Shall We Dance (1937) 720p YIFY Movie

Shall We Dance (1937)

Shall We Dance is a movie starring Fred Astaire, Ginger Rogers, and Edward Everett Horton. A budding romance between a ballet master and a tap dancer becomes complicated when rumors surface that they're already married.

IMDB: 7.62 Likes

  • Genre: Comedy | Musical
  • Quality: 720p
  • Size: 1.32G
  • Resolution: / fps
  • Language: English
  • Run Time: 109
  • IMDB Rating: 7.6/10 
  • MPR: Normal
  • Peers/Seeds: 1 / 0

The Synopsis for Shall We Dance (1937) 720p

Ballet star Pete "Petrov" Peters arranges to cross the Atlantic aboard the same ship as the dancer he's fallen for but barely knows, musical star Linda Keene. By the time the ocean liner reaches New York, a little white lie has churned through the rumor mill and turned into a hot gossip item: that the two celebrities are secretly married.


The Director and Players for Shall We Dance (1937) 720p

[Director]Mark Sandrich
[Role:]Fred Astaire
[Role:]Edward Everett Horton
[Role:]Eric Blore
[Role:]Ginger Rogers


The Reviews for Shall We Dance (1937) 720p


Oh, no, they can't take that away from meReviewed byblanche-2Vote: 8/10

"Shall We Dance" is for this viewer one of the great Astaire-Rogers films, even if some of the comments don't agree. I love it because of the glorious Astaire dancing. One of my all-time favorite numbers of his is "Slap that Bass" in which Astaire dances to the rhythm of machines. Oh, those pirouettes! Amazing. I rewound and watched it twice more.

Astaire plays a ballet dancer named Petrov. In real life, Astaire was loathe to do ballet because he was self-conscious about his large hands. Who's looking at his hands? Petrov falls hard for singer Linda Keene (Rogers, who else) and arranges to follow her on the same ship to New York.

Everyone has a great time, including the comic relief, Eric Blore, Edward Everett Horton, and Jerome Cowan. One of the best scenes occurs as Horton and Cowan smuggle a dummy of Linda (from a number she never did) into Astaire's stateroom to photograph the two together and prove they're married (they're not. And Blore getting arrested and telephoning to get bailed out of the Susquehana jail is wonderful.

But "Shall We Dance," like the previous Astaire-Rogers pairings, isn't about the plot, it's about the music and dance. What music, what dance. George and Ira Gershwin's score includes "I've Got Beginner's Luck," and "They All Laughed," both sung by Astaire, "Let's Call the Whole Thing Off" (sung and danced by the pair on roller skates), "They Can't Take That Away From Me" (sung by Astaire), and the music later becomes a ballet sequence with Astaire and Harriet Hoctor. Astaire and Rogers dance to "Shall We Dance" after Astaire sings the number and the two reprise "Let's Call the Whole Thing Off."

You can't beat "Shall We Dance" for pure escapism, breathtaking dance, and great songs.

"Still I Always Always Keep The Memory Of"Reviewed bybkoganbingVote: 8/10

With a fluff plot that's sillier than usual, Shall We Dance marks the one and only time the brothers Gershwin wrote a score for an Astaire/ Rogers musical. Fred was certainly no stranger to George and Ira, they had written Funny Face on Broadway for him and also had done Damsel in Distress which he co-starred with Joan Fontaine the year before.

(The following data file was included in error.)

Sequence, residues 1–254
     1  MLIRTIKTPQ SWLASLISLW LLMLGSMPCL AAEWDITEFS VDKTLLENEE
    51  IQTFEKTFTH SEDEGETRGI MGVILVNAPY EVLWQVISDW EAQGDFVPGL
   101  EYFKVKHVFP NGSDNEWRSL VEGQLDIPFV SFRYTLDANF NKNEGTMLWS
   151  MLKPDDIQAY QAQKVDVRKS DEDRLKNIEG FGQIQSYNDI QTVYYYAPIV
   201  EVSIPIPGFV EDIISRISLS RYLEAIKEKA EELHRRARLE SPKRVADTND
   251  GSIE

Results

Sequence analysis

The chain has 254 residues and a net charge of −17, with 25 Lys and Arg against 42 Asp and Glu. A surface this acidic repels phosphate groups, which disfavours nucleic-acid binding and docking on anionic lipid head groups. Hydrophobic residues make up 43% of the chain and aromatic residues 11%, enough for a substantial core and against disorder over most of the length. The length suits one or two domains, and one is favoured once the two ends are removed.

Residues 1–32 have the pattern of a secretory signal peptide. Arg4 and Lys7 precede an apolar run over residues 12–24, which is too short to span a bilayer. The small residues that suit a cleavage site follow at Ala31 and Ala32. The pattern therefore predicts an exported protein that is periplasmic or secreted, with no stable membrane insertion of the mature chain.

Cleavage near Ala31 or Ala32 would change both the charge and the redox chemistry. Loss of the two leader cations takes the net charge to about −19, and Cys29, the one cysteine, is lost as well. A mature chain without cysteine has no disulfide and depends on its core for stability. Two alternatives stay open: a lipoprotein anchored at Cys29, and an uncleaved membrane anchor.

This also is the last complete score the Gershwins did for the screen. While writing the score for the Goldwyn Follies, George would suddenly die of a brain tumor. It's a beautiful selection of songs, topped off by They Can't Take That Away From Me, a song forever after identified with Fred Astaire. It's also one of my favorite Gershwin songs, in fact one of my favorites period.

Fred's a hoofer at heart, but he's pretending to be a Russian ballet star named Petrov, appropriate for a guy named Peter Peters in real life. The girl he's infatuated with, musical comedy star Ginger Rogers is sailing to America on the same ship.

Through an incredible combination of circumstances rumor gets around that the two of them are in fact married. All the doing of her producer Jerome Cowan and Fred's manager Edward Everett Horton. They actually have to get married to keep the ruse going. Of course I needn't say what happens after that.

Two other Gershwin standards, They All Laughed and Nice Work If You Can Get It are sung and danced by the pair, the latter on roller skates. I also liked Fred's solo number with the engine room men on the ocean liner, Slap That Bass. The brothers Gershwin obviously saw the success Astaire had with Bojangles of Harlem in Swing Time and decided to imitate shall we say.

Look for a nice performance also by Eric Blore who plays the frustrated hotel manager who is getting positively flustered about how to handle the married/unmarried pair of Astaire and Rogers in his hotel.

There is a touch of sadness to this musical realizing that an incredible talent in George Gershwin would be stilled very shortly. I do love that man's music so.

You'll keep the memory of this film long after seeing it even once.

Dancing by Fred and Ginger, Songs by George and Ira...Reviewed byalfiefamilyVote: 9/10

What a wonderful time I had watching this film. One of the better Rogers and Astaire teamings. A great score by the Gershwin's. Edward Everett Horton and Eric Blore offer hilarious supporting work.

I'd write more, but I'm going to go back and watch it again.

9 out of 10

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